This is a complex problem. Because the ball is a 3D object, and force due to the difference in pressure is different at different position (need complicate integration).
But I will ignore this effect to create a simple model first. The size of the ball is small compared to the space it is moving. So I will need to change the view of the simulation, too. I will post it here when it is done.
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Reply #8 on: August 02, 2008, 10:53:20 pm »

Ok, then I should give you a bit more of information:

- for a topspin, initial speed of the ball (when it is hit) can be as high as 30 m/s
- longitudinal dimension of the table is 274 cm (two halves of 137 cm)
- the players will be typically 4 to 8 m apart from each other

Please ask if you need some missing information.
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Reply #9 on: August 02, 2008, 11:27:02 pm »

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And I might not be able to ignore the effect due to the air pressure difference from the rotation of the ball.

You are right. Magnus effect plays a major role on ping-pong physics. But as you said, it could be left out for simplicity on first version.

Thank you for your interest, Mr. Hwang. Smiley
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Reply #10 on: August 04, 2008, 05:20:47 pm »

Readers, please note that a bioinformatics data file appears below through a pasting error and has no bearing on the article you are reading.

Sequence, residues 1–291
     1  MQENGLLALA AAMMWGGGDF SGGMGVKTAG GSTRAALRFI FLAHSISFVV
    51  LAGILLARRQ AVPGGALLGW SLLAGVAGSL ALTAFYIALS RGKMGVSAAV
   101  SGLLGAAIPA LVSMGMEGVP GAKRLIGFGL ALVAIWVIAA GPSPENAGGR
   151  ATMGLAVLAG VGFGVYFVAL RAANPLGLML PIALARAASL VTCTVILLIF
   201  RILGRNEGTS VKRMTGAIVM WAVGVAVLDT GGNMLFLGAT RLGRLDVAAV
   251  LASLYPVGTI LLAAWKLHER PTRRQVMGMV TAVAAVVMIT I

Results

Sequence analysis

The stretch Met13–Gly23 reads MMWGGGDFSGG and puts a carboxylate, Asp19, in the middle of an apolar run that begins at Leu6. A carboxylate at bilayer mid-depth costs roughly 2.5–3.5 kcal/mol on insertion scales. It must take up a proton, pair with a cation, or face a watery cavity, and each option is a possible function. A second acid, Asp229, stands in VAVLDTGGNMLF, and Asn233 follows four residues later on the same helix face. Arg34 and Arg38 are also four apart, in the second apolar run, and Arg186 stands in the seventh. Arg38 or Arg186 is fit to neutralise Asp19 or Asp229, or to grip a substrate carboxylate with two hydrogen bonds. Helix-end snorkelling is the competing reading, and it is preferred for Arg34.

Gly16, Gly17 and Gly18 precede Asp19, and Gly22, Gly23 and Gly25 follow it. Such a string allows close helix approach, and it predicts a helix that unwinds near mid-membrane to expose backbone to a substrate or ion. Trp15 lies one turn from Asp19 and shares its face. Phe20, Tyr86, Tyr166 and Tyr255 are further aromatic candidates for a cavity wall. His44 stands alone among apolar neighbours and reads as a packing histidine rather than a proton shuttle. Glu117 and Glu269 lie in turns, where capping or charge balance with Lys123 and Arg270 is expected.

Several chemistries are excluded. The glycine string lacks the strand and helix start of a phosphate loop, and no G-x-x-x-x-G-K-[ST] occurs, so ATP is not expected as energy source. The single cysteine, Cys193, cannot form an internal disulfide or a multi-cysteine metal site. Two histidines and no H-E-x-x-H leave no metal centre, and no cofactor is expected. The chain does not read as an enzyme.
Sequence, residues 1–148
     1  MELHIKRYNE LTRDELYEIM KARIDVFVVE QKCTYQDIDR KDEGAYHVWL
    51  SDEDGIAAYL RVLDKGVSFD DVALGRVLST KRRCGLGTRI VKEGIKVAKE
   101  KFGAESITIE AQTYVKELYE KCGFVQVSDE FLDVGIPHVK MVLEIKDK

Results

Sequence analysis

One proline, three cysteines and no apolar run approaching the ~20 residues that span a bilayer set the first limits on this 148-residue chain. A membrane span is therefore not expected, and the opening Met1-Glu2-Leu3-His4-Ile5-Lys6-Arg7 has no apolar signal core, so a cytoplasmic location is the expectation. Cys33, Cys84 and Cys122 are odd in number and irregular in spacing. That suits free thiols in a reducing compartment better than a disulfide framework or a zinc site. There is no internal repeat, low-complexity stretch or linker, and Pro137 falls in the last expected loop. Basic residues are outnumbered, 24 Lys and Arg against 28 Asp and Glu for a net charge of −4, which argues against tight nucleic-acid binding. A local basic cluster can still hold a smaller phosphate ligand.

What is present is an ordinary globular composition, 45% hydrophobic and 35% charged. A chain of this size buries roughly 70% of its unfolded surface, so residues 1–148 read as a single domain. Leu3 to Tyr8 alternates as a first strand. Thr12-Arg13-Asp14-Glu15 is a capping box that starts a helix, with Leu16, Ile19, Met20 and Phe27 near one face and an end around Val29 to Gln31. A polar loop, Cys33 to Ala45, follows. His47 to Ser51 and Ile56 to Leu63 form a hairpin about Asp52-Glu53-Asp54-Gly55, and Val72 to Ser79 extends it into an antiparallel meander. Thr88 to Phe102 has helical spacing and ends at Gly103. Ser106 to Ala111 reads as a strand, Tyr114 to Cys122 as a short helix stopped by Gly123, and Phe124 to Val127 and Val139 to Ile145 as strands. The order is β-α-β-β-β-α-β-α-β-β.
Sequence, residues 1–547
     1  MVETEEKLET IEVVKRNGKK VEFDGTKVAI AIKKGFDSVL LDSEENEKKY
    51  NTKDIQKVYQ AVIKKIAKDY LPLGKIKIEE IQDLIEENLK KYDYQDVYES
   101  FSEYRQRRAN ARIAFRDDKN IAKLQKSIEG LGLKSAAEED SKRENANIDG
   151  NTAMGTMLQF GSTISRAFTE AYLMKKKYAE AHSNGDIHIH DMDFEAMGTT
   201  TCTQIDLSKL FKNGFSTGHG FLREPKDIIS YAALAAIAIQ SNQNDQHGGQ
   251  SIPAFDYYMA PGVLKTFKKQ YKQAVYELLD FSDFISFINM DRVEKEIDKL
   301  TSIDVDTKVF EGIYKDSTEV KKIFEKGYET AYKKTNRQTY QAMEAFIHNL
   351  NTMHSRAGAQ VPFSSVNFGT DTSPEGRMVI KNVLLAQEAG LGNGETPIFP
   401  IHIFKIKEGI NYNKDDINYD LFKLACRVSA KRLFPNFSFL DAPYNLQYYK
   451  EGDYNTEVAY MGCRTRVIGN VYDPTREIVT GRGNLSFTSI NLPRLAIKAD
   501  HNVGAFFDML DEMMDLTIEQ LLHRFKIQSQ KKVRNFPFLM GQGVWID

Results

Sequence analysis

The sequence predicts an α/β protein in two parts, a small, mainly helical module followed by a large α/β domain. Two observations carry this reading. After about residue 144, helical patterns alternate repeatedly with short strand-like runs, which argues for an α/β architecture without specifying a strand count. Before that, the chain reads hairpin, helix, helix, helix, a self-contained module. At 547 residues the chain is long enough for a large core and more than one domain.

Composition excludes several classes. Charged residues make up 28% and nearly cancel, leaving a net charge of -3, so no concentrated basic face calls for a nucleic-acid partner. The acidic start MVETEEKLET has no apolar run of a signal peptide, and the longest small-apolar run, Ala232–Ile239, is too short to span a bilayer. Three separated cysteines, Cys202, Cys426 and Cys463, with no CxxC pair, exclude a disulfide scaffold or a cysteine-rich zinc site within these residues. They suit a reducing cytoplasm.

Ok, then I should give you a bit more of information:

- for a topspin, initial speed of the ball (when it is hit) can be as high as 30 m/s
- longitudinal dimension of the table is 274 cm (two halves of 137 cm)
- the players will be typically 4 to 8 m apart from each other

Please ask if you need some missing information.
The radius for the ball is only 2cm, and the distance between player is 4-8 meter apart.
The ball will become a tiny dot if everything are drawed to their size with the same proportion.

Do you have any suggestion how to show everything on the computer screen at the same time?
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Reply #11 on: August 04, 2008, 07:14:48 pm »

Could we could have a "translating window", moving with the same horizontal speed as the ball?

Or if not possible, a "stationary window" showing only a selectable part of the trajectory?

Best regards.
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Reply #12 on: August 06, 2008, 01:21:57 pm »

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I have created another version(5) according to your model. I have been playing with this new model for several days.
But I feel something did not look correct so that I did not post it earlier. May be you can provide more input to modify the model.

New model used in the simulation:
 vy' = -COR *vy; when the ball touch table.
 then, the change of momentum in vertical direction is dPy=m*(vy'-vy)= -m*(COR+1)*vy;
 The Normal force N= dPy/dt=-m*(COR+1)*vy/dt;
 The friction force fr= u*N = -u*m*(COR+1)*vy/dt;
 Change of momentum in horizontal direction is dPx= fr*dt
 So vx'= vx+dPx/m =vx -u*(COR+1)*vy;
 
 Torque = R*fr = I *dw/dt
 so dw=R*fr*dt/I = R*dPx/ I

Air resistance is also included in the model. F= 0.5*rho*v2*A/2= -0.143 (vx*vx+vy*vy);